Expedition to research owl ecology on the
Cape Horn Archipelago
Los Dientes, Isla Navarino, Chile
In 2003 I joined a group of Earthwatch
volunteers on an expedition to Navarino Island, in far southern
Chile. I have enjoyed travel and work in Chile over many years, and
was looking for something more than a tourist visit.
Our trip began in Punta Arenas, Chile, on the north shore of the
Magellan Straits. Another flight south of about 60 minutes over
Tierra del Fuego delivered us to Navarino Island, at Port
Williams, on the south shore of the Beagle Channel.
Puerto Williams, southernmost city in the world except
for settlements in Antartica
Earthwatch supports scientific projects all over the world, by
coordinating volunteer teams to assist scientists in their efforts.
It was assured that no experience was necessary, just a willingness
to work with the team. That was good, as my life as a professional
musician has been devoid of scientific learning. This could become
the biology class that I never took!
The expedition would help resident specialists in their study of
the forest and shore of Navarino Island. Birds need counting and
banding, rodents need to be counted and weighed, insects trapped, and
vegetation measured. Even after 150 years of European occupation, the
island is considered one of 37 most pristine sites in the world.
Knowledge of the habitat will give people the information they need
to manage it.
Navarino Island is on the Beagle Channel, south of Tierra del
Fuego. The Beagle Channel was named for an English ship which
explored this remote tip of South America in the 1820s. It returned
on another voyage in 1832 with the young naturalist Charles Darwin.
The channel runs for about 125 miles east and west along the southern
coast of Tierra del Fuego, at about latitude 55 degrees south. With
the large island of Tierra del Fuego to the north, the southern coast
of the channel runs by several large islands.
The grandeur of the landscape is punctuated by snow and ice
covered mountains running the length of the channel. The forest is
lush and green, but reaches only a few hundred meters in altitude.
With only three species of trees, the forest is home to hundreds of
mosses and lichens; birds are numerous; native mammals are limited to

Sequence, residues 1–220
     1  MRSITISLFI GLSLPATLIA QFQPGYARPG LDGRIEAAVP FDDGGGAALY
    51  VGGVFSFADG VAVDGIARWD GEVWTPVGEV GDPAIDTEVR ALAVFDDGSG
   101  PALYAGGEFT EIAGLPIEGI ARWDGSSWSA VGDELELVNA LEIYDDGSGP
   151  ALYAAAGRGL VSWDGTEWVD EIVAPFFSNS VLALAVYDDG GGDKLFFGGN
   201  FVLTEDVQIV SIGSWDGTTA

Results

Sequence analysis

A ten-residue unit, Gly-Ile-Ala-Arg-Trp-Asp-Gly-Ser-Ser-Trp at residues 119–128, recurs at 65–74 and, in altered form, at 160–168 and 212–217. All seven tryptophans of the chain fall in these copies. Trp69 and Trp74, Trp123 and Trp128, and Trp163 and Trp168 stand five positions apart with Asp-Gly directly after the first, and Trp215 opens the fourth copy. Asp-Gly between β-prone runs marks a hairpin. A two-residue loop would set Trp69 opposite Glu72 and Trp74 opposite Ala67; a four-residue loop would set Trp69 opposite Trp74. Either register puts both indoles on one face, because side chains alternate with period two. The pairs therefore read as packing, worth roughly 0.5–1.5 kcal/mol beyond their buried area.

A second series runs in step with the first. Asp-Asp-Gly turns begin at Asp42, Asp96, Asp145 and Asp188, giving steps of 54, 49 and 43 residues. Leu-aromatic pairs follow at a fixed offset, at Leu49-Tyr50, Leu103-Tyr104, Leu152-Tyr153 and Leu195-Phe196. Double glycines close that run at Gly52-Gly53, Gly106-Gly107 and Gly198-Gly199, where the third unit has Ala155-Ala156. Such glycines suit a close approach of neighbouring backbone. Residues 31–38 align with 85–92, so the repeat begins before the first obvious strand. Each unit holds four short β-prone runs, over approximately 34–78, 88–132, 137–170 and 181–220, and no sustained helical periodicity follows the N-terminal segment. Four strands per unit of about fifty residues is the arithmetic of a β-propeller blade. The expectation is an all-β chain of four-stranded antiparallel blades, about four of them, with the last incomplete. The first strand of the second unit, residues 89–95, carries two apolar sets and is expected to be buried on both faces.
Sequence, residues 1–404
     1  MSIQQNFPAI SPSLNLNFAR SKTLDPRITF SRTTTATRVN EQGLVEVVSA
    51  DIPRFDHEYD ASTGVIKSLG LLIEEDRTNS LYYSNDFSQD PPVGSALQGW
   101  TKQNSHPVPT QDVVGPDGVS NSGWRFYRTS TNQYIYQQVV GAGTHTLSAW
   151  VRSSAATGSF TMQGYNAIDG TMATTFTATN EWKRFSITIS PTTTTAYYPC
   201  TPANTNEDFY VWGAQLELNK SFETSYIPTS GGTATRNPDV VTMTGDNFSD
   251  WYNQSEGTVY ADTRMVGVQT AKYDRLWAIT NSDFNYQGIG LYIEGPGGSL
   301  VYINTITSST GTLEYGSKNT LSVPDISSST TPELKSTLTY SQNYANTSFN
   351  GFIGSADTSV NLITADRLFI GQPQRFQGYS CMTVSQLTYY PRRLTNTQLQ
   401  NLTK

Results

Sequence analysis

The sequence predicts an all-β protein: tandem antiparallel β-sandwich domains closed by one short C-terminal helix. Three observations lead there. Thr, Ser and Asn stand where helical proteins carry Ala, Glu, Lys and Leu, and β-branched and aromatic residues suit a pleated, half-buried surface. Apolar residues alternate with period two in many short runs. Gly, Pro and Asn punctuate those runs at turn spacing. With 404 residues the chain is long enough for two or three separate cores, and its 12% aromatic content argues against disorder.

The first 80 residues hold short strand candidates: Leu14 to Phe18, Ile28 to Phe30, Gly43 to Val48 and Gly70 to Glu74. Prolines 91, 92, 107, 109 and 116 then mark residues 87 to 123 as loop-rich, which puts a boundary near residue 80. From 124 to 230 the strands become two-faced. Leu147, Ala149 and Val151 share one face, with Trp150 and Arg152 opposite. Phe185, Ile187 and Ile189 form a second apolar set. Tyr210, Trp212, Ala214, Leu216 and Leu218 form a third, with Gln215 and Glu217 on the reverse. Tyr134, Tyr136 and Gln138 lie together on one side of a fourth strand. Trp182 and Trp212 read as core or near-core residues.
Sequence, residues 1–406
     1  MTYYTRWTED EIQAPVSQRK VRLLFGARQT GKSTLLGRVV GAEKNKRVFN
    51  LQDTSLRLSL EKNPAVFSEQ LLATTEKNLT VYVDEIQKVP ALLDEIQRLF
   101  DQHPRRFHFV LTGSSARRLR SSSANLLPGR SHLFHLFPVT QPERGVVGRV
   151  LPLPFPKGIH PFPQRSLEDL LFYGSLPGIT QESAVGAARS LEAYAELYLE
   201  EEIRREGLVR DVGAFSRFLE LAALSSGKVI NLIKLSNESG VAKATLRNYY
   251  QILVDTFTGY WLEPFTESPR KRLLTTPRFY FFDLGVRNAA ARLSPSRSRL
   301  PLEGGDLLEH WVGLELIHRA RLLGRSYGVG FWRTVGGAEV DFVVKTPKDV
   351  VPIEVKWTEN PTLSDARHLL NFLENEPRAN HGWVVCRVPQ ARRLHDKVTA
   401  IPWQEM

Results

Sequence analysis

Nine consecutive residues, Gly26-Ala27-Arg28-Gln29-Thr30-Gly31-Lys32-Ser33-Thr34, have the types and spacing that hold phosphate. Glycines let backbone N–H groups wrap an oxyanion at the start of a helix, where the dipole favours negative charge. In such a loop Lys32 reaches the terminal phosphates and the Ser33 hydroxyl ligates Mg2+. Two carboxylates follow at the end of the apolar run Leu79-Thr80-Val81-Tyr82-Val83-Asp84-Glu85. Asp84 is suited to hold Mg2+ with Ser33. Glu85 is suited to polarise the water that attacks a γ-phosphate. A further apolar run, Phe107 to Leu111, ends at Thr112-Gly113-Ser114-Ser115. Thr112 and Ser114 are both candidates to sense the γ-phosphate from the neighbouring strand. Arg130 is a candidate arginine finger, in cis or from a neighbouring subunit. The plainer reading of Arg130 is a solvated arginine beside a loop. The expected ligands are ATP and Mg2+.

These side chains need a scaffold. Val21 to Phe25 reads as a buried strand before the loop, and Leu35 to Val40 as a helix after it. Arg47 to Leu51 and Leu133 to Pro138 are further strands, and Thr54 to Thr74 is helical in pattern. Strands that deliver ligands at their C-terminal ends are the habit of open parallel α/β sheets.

mice and the elusive guanaco, a cameloid animal similar to the llama.
Introduced mammals are cow, horse, sheep, beaver, muskrat and mink.
Great efforts are taken to minimize their impact on the
Róbalo Bay, looking northwest across the Beagle
Channel toward Tierra del Fuego,
recording shore birds
On this spring day in mid November, I'm strolling along the shore
of the Beagle Channel with a group of bird counters. Their job today
is to identify and count all the species we see, and my job is to
capture the bird calls on tape. We took a short lunch break in an
emerald green meadow overlooking the water.
I hope to add to the collection of recorded bird calls, a project
of the Omora Ethno-botanical Park on the island. The park is only two
years old, and is a focus of scientific study and evaluation of this
most southern land environment.
Steven McGehee, resident ornithologist at Omora
Róbalo River, cascada
We camped for three nights near this waterfall
The weather worsened as we arrived at the campsite.
By the next day we were negotiating a difficult terrain covered in a
few inches of snow
mink tracks are spotted after the storm
Ron demonstrates the technique of walking through beaver
forest in better weather
Sylvia and Devin measure vegetation
Laurier leads the way to the final peak on Cerro
And this is what we do on our day off!!!
Atop Cerro Bandera,
looking northeast across the Beagle Channel to Argentine Tierra del
Interview with Christopher Anderson atop Cerro
looking northwest toward the Cordillera Darwin
Most photos are by Roger Emanuels,
Many thanks to Sylvia, Devin and Chris for sharing